WASHINGTON – A federal eviction moratorium that was scheduled to end Wednesday has been extended through June 30, good news for the close to 114,000 Arizona renters who think they are at risk of eviction.
It’s at least the third extension ordered by the Centers for Disease Control and Prevention, which first imposed the moratorium last year as a way to stem homelessness and, in turn, lower the risk of spreading COVID-19.
Advocates welcomed the extension at a time when nearly 170,000 Arizona renters, or about 18% of all renters in the state, are not current on their rent, according to a study by the University of Arizona.
“The CDC order is the only thing that’s been giving tenants breathing room to try to get into more stable housing,” said Andrew Sugrue, assistant director of policy and advocacy at the Arizona Center for Economic Progress.
But a group representing landlords in the state said the moratorium is unfairly forcing them to shoulder the financial burden, even though many are on the brink of possible foreclosure or bankruptcy.
“Despite not receiving rent for months, these property owners still pay mortgages, taxes, utilities, insurance, payroll and maintenance costs, all while providing a free home for many residents,” said Courtney Gilstrap LeVinus, president and CEO of the Arizona Multihousing Association, in a prepared statement Monday.
The CDC in September ordered an eviction moratorium that was set to expire at the end of 2020, but has since extended it to the end of January and then to March 31. Monday’s order extends it for another 90 days, through June 30, 2021.
The moratorium applies to any renter earning less than $99,000 a year who has lost income as a result of the pandemic and is in danger of homelessness if evicted. The renter must have sought other housing assistance and must pay what rent they can, where they can.
The order does not forgive rent – renters will have to pay eventually – and it still allows people to be evicted for other reasons, such as criminal activity or violations of building and health codes.
An ongoing report on housing insecurity by the University of Arizona’s Southwest Institute for Research on Women estimated recently that 168,854 of the 927,771 renters in the state were behind on their rent as of March 15.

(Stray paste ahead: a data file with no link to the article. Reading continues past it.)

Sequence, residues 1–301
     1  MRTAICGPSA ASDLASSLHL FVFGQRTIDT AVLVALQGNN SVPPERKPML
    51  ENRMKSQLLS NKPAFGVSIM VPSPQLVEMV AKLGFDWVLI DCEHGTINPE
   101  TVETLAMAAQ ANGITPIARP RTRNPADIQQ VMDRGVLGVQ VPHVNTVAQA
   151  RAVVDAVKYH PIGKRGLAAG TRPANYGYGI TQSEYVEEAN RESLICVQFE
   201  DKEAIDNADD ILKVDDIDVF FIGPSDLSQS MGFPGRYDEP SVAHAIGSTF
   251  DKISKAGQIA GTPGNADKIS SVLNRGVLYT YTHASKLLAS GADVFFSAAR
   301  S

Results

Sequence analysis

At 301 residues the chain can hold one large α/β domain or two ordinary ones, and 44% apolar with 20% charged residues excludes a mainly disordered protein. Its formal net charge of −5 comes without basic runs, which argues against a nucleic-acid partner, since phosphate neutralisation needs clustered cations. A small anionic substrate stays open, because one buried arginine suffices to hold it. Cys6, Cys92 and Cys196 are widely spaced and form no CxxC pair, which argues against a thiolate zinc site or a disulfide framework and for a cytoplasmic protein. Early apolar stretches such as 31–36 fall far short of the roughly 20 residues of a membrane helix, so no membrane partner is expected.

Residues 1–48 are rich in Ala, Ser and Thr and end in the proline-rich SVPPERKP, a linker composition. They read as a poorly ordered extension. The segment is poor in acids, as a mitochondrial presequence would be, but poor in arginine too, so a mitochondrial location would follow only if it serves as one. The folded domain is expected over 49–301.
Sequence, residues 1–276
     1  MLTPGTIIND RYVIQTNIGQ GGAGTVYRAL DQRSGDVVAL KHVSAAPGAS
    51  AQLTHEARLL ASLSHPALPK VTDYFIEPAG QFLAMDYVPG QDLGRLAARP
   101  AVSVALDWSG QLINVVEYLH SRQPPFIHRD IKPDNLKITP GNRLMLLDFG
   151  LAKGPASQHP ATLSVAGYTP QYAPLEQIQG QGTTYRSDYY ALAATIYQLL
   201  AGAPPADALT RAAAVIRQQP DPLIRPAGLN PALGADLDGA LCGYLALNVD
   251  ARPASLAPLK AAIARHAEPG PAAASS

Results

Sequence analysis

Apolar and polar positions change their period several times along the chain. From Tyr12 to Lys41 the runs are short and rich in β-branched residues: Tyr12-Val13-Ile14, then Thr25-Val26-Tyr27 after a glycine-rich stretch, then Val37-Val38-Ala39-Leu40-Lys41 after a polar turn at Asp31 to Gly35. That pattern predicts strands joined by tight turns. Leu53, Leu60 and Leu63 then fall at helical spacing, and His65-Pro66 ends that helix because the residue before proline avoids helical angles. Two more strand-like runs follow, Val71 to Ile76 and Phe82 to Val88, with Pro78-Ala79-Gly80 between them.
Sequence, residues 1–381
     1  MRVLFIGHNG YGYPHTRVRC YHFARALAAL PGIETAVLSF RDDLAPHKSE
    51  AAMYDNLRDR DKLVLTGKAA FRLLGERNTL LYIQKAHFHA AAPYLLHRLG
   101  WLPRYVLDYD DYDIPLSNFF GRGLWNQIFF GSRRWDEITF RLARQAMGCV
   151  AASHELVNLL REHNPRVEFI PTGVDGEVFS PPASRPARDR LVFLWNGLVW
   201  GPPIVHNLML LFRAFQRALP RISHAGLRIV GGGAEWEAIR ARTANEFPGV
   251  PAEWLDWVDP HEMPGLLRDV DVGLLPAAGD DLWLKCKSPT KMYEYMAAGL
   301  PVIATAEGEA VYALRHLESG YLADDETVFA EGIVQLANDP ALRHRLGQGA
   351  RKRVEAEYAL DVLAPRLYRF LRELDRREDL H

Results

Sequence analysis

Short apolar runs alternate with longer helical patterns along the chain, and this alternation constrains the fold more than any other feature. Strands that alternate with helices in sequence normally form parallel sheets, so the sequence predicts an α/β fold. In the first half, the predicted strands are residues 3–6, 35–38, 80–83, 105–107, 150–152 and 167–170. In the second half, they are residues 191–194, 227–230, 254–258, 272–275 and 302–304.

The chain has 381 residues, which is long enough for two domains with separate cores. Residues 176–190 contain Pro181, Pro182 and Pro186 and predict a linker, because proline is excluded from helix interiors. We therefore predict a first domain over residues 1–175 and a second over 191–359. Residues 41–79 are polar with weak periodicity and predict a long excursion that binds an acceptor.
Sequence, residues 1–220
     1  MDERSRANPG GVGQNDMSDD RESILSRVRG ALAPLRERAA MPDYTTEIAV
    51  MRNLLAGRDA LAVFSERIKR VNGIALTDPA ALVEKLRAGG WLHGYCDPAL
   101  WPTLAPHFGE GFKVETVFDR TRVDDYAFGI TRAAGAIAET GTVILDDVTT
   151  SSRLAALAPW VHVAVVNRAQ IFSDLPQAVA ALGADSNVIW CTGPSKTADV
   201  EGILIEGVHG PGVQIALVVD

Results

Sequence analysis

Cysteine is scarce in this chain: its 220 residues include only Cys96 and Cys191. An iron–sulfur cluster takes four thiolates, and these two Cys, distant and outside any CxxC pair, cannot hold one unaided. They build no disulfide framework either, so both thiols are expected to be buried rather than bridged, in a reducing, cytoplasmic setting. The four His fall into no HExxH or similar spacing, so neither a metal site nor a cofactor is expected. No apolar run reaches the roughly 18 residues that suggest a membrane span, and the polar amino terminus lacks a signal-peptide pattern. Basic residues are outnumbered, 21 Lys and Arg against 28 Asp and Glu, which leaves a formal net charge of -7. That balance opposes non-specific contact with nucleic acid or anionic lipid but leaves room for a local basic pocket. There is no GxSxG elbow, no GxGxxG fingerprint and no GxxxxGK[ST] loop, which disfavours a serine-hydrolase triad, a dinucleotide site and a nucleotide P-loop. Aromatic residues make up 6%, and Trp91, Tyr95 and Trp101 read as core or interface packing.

The report, which is drawn from Census survey data, said that 67.5% of those renters – or 113,977 – who were behind on payments felt it was “somewhat likely” or “very likely” that they would be evicted in the next two months.
Keith Bentele, an associate researcher who worked on the report, said the extension of the eviction moratorium came just in time.
“We’re dodging a huge bullet in terms of the potential consequences of this … if the moratorium were to have expired,” Bentele said.
Sugrue pointed to an Arizona Center for Economic Progress report that said that white renters were more likely to be caught up on their rent than renters of color.
“There is a concentrated effect of housing and security on households of color, households with children, and those that had lower incomes prior to, and perhaps during the pandemic,” he said.
Included in the $1.9 trillion American Rescue Plan that Congress passed earlier this month was $21.5 billion in emergency rental assistance to landlords and tenants.
But LeVinus said that only about $100 million of the $1 billion Arizona received for rental assistance has reached renters and landlords so far. Meanwhile, there may be as much as $368 million in unpaid rent during the pandemic, she said.
“Today’s extension of the moratorium puts further pressure on property owners, many of whom already are on the brink of foreclosure or bankruptcy,” her statement said. “The eviction moratorium … is not endlessly sustainable, nor is it fair to have property owners alone shoulder the burden of a public health and economic crisis.”
But Sugrue said that eviction is the last step “in a lose-lose scenario for … landlords and Arizonans who have lost their jobs or have lost their income.” He said the extended moratorium is needed.
“This order is hopeful,” Sugrue said. “I personally believe that the state could do more but I think that this will help thousands of Arizonans who are worried about being evicted where the pandemic has caused them a loss of income.”